Categories: Law and Legal

Drafting Only Men for the Military Is Unconstitutional, Judge Rules

The New York Times: “A military draft that applies only to men is unconstitutional, a federal judge in Houston has ruled, saying that excluding women is no longer justified because they can now serve in combat roles just as men do. Judge Gray H. Miller of Federal District Court in the Southern District of Texas took note of the Supreme Court’s 1981 ruling that the exclusion of women from the draft was “fully justified” because women then were not allowed to serve in combat. But the Pentagon abolished those restrictions in 2015, opening the way for women to serve in any military role for which they could qualify. “While historical restrictions on women in the military may have justified past discrimination, men and women are now ‘similarly situated for purposes of a draft or registration for a draft,’” Judge Miller wrote in his ruling. “If there ever was a time to discuss ‘the place of women in the Armed Services,’ that time has passed.” Though no one has been conscripted into the United States military in more than 40 years, the Military Selective Service Act requires all American men to register when they turn 18, in case a draft is reinstated; they remain eligible through age 25. Men who do not register can be fined, imprisoned and denied services like federal student loans.The ruling came in a case brought by the National Coalition for Men, a men’s rights group, which argued that drafting men exclusively violates the 14th Amendment’s equal-protection clause…”

Categories: Law and Legal

Bike Commuters Are Dying in Record Numbers

Outside: “According to a report from the League of American Bicyclists released last month, 2016 went down in the record books as the deadliest year for U.S. cyclists since 1991. The report cites data from the U.S. Department of Transportation, which recorded 840 cycling fatalities in 2016—the first time the annual death toll has crept above the 1991 figure of 836. That the United States has a problem keeping its cyclists safe is no surprise. A broader look at federal data reveals that the number of cyclists who die each year has hovered between 600 and 800 for the past several decades, with an average of 800 per year from 2006 to 2016. (The league’s report didn’t include data from 2017, when deaths dropped incrementally to 783.) Across the country, mayors of big cities have declared ambitious efforts to put an end to biker and pedestrian deaths. Vision Zero initiatives have popped up in places like New York, Denver, Austin, and Los Angeles, and with them have come new bike lanes, bike-friendly road designs, increased signage, and other attempts to make roads safer for cyclists. Clearly, though, it’s not enough to put a dent in the death tolls. As we reported last year, three years into its Vision Zero plan, Los Angeles saw a 5 percent increase in the number of cyclist and pedestrian deaths. Then there are the 840 people killed nationwide in 2016…”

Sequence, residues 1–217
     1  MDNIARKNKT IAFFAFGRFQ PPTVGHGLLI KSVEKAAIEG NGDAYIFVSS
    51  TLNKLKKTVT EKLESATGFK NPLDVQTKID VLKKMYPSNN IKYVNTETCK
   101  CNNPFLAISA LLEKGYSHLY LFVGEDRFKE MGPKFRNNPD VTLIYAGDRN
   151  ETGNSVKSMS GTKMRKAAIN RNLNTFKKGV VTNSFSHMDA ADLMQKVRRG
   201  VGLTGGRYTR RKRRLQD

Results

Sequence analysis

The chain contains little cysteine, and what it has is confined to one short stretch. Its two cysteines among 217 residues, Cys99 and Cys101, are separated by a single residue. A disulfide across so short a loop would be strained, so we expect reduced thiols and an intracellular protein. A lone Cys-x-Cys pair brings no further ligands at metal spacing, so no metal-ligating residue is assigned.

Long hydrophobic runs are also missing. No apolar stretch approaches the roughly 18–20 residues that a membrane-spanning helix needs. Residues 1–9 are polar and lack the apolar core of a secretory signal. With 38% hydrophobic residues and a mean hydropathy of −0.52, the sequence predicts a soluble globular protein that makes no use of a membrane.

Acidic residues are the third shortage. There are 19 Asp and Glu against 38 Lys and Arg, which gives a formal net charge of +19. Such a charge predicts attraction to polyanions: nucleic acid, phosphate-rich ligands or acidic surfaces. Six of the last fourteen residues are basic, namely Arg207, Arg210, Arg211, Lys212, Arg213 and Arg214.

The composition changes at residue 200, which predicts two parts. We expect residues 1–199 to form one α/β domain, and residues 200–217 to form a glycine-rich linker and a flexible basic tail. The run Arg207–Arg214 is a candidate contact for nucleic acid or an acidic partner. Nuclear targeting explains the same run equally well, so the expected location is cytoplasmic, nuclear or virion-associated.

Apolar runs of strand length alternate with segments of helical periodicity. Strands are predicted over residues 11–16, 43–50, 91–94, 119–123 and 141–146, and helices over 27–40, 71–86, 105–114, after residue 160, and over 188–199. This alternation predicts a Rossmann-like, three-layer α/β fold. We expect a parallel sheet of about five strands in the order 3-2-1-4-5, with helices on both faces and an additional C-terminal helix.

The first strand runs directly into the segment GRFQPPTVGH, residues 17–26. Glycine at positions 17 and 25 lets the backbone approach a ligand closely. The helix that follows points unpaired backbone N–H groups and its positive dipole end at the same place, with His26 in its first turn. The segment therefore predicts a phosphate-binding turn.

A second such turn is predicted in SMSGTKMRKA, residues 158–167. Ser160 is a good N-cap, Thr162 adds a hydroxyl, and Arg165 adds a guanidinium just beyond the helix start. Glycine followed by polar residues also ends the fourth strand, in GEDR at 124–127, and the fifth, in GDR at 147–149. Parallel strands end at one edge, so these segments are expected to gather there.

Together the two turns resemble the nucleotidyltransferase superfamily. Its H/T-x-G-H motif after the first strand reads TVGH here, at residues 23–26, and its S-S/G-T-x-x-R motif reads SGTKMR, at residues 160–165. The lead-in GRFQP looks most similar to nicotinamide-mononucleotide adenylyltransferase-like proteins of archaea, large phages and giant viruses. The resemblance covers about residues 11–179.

Categories: Law and Legal

Mail and Wire Fraud: A Brief Overview of Federal Criminal Law Updated

Via FAS – Mail and Wire Fraud: A Brief Overview of Federal Criminal Law Updated, February 11, 2019.